In this study, ANN were used to complement RSM. Generally, RSM requires the specification of a polynomial function such as a linear, first-order interaction or second-order quadratic for regression. In addition, the number of terms in the polynomial function is limited to the number of experimental design points and the selection of an appropriate polynomial equation can be tedious since each response requires an individual polynomial equation. The ANN approach is quite flexible and can model complex relationships without the need for complicated equations, and is capable of exploring regions that are otherwise omitted when using statistical approaches. With ANN, all data are used, potentially making ANN-based models more accurate [13]. An integrated RSM and ANN approach compliments the deficits observed when RSM is used alone.
The objective of this work was to evaluate the impact of microcrystalline cellulose concentration, sodium starch glycolate concentration, spheronization time and extrusion speed on the in-vitro release of prednisone from a multiple-unit pellet system. In-vitro dissolution testing was used to assess prednisone release since it is an integral part of pharmaceutical development and is often a key component of routine quality control testing [18]. In addition, the study evaluated the effectiveness of an integrated RSM and ANN approach to formulation development and testing.

2. Materials and Methods

2.1. Materials

Prednisone powder was purchased from Skyrun (Taizhou, China). Microcrystalline Cellulose (Comprecel® M102 D+) was purchased from Mingtai chemicals (Taoyuan Hsien, Taiwan). Eudragit® RL 30 D was donated by Rohm Pharma (Darmstadt, Germany). Sodium starch glycolate, talc, magnesium stearate, Tween® 80 were donated by Aspen Pharmacare (Port Elizabeth, South Africa). Polyethylene Glycol (PEG) 400 was purchased from Merck chemicals (Johannesburg, South Africa). Hydrochlorothiazide was purchased from Skyrun (Taizhou, China). HPLC far UV grade acetonitrile (ROMIL-SpS) was purchased from Microsep (Port Elizabeth, South Africa). The HPLC grade water used for analyses was prepared using a Milli-Q® Academic A10 water purification system (Millipore®, Bedford, MA, USA), consisting of an Ionex® ion-exchange cartridge and a quantum EX-ultrapore organex cartridge, which was fitted with a 0.22 μm Millipak® 40 sterile filter (Millipore®, Bedford, MA, USA).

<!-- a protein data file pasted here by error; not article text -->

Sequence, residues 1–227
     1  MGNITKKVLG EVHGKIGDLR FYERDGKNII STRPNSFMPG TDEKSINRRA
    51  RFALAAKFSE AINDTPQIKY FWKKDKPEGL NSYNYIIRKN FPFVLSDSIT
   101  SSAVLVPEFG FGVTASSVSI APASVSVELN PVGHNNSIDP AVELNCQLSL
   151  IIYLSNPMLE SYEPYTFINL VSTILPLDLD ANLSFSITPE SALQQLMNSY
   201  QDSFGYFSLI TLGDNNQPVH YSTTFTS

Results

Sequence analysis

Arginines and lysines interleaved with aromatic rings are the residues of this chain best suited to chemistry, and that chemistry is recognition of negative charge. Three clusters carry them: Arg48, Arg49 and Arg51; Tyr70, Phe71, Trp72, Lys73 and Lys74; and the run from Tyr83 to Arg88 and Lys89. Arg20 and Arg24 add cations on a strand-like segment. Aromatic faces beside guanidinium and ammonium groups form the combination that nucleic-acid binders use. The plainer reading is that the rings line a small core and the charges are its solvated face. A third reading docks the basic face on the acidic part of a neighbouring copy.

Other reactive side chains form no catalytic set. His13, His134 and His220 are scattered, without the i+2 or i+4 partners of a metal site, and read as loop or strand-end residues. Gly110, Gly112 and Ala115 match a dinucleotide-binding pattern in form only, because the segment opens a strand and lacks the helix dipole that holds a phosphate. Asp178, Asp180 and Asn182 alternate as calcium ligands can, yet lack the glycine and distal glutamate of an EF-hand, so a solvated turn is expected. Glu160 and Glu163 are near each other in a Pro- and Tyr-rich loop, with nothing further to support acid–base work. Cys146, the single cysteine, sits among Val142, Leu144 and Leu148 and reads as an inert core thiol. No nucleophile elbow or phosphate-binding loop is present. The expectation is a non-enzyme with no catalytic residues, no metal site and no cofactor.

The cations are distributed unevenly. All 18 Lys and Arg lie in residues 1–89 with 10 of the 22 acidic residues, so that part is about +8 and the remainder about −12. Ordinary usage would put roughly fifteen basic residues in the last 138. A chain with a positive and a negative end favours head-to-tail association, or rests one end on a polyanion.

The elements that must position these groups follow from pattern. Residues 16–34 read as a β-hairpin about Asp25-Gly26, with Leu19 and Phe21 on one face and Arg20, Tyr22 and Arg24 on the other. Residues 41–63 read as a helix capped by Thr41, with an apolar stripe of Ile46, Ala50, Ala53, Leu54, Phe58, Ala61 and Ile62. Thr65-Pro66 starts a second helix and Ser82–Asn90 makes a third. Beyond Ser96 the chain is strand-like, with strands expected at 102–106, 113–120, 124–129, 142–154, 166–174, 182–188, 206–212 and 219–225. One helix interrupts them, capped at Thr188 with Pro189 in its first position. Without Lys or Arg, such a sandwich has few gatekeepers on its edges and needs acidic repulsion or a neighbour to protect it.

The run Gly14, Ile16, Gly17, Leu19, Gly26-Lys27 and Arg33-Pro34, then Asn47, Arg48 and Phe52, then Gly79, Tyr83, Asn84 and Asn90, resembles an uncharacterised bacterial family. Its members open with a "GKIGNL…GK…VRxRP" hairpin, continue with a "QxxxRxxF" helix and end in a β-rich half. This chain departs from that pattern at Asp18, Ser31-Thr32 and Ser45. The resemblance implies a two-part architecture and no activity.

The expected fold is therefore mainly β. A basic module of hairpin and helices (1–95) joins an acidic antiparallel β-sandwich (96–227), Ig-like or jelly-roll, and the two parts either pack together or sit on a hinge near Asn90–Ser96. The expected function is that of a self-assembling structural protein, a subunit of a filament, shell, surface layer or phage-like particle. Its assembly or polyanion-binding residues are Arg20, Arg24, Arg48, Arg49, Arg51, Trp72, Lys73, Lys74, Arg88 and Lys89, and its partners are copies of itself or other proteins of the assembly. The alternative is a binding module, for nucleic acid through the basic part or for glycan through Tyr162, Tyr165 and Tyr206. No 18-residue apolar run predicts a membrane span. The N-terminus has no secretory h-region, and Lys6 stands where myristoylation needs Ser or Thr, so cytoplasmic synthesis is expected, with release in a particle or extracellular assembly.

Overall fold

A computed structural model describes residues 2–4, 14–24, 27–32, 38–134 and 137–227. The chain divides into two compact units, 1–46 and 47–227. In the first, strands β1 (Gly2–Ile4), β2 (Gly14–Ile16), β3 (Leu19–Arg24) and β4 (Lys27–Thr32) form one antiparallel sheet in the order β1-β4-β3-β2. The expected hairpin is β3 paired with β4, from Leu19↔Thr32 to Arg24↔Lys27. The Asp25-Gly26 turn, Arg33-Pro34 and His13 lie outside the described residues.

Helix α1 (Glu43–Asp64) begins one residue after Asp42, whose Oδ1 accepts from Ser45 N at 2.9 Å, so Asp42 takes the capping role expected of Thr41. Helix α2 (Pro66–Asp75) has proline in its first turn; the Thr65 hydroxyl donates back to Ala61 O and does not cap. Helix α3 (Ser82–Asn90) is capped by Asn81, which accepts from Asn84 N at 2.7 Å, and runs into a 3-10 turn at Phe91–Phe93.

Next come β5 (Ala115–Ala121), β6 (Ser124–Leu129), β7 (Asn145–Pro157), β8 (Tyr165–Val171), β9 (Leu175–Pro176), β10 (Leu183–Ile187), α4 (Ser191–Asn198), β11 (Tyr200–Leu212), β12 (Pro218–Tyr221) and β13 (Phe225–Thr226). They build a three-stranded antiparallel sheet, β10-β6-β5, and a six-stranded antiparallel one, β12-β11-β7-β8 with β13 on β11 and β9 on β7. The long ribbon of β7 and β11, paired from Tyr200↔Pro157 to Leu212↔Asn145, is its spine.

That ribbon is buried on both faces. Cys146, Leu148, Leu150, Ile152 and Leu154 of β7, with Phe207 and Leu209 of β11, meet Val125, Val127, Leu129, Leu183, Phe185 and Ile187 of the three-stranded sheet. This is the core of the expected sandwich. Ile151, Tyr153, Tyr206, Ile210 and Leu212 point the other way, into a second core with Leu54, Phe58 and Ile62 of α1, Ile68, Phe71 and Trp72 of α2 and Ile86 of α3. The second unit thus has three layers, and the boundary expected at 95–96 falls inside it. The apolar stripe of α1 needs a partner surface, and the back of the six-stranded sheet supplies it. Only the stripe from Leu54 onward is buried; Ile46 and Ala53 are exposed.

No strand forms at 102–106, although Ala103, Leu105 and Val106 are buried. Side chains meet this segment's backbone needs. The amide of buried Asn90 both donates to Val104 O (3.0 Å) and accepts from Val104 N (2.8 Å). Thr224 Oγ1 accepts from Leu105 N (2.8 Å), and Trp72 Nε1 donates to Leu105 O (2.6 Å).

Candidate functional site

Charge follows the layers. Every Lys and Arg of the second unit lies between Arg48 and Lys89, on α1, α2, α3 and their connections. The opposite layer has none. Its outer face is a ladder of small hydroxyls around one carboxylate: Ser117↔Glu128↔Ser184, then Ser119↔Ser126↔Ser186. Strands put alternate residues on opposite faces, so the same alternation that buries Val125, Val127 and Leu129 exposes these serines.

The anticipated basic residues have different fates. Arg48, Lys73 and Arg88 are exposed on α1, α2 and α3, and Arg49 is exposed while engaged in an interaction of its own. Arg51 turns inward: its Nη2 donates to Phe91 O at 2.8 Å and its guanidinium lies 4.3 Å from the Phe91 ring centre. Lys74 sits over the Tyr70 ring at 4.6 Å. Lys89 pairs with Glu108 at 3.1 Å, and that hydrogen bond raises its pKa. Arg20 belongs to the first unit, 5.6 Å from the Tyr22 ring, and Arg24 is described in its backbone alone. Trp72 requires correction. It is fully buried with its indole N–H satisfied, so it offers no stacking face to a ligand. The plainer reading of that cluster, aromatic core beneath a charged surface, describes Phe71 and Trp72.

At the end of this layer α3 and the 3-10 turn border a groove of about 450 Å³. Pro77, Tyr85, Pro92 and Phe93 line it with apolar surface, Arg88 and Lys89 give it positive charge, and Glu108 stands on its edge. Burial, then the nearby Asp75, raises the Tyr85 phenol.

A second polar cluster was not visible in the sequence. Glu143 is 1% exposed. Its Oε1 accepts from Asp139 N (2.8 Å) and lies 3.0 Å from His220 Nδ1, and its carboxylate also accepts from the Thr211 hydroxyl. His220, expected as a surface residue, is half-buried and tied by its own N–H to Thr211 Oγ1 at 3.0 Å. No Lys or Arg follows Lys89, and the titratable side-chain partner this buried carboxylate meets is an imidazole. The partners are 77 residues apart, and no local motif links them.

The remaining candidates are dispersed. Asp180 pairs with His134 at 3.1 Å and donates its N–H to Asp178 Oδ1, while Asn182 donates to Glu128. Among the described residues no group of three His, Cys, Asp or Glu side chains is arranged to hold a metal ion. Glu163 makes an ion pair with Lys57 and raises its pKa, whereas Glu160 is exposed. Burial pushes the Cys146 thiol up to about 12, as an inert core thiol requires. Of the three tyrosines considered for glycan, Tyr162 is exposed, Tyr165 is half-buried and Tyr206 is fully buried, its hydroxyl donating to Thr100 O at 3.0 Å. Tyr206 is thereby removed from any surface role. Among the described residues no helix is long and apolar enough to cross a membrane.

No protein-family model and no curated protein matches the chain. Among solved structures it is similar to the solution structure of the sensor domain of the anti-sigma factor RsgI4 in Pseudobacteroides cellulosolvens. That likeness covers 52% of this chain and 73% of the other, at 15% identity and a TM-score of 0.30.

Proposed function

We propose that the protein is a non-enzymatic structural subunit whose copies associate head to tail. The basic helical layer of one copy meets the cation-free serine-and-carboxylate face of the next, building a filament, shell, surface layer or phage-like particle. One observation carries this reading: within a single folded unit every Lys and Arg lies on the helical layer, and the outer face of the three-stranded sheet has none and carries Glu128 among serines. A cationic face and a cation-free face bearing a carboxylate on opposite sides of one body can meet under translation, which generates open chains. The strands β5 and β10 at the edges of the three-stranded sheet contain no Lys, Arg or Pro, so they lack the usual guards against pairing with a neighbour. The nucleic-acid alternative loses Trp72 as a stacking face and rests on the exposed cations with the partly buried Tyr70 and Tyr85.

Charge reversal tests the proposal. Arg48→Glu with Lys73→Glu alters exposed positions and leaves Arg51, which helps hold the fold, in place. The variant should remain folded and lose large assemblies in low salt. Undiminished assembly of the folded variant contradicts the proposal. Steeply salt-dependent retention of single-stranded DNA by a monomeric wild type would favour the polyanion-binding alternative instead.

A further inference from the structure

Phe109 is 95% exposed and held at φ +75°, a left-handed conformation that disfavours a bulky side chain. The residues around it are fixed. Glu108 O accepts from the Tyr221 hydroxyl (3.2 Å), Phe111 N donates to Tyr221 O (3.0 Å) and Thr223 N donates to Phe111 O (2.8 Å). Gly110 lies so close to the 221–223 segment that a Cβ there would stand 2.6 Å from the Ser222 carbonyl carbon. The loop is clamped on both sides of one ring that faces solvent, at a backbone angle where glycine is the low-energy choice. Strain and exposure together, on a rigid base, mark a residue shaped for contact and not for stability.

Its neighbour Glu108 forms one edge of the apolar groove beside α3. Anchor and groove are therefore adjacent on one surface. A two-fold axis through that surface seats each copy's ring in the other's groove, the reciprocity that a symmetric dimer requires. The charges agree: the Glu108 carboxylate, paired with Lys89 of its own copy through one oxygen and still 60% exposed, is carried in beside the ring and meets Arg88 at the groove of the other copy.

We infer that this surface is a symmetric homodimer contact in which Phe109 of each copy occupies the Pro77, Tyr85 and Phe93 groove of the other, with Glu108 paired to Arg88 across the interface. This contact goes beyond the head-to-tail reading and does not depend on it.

2.2. Preparation of Pellets

Prednisone pellets were manufactured using extrusion-spheronization. Design Expert® software (Version, State-Ease Inc., Minneapolis, MN, USA) was used to generate multivariate experiments for a Box–Behnken design and the formulation and process parameters used are listed in Table 1. The target batch size was 50 g. For all batches the concentration of prednisone was 4% w/w and the concentration of talc and magnesium stearate was 1.5% and 0.5% w/w respectively. Screening studies revealed that formulation variables such as microcrystalline cellulose concentration (X1) and sodium starch glycolate concentration (X2) and process variables such as spheronization time (X3) and extrusion speed (X4) were the main factors that impacted prednisone release. These factors were varied to investigate their impact on pellet production and performance. The remaining excipients viz., Tween® 80 (T), PEG 400 (P) and Eudragit® RL 30 D (E) were used in the same ratio, but actual quantities varied depending on the microcrystalline cellulose concentration and sodium starch glycolate concentration used. All excipients used for manufacture are generally safe and have been used in other dosage forms intended for oral administration [19,20,21].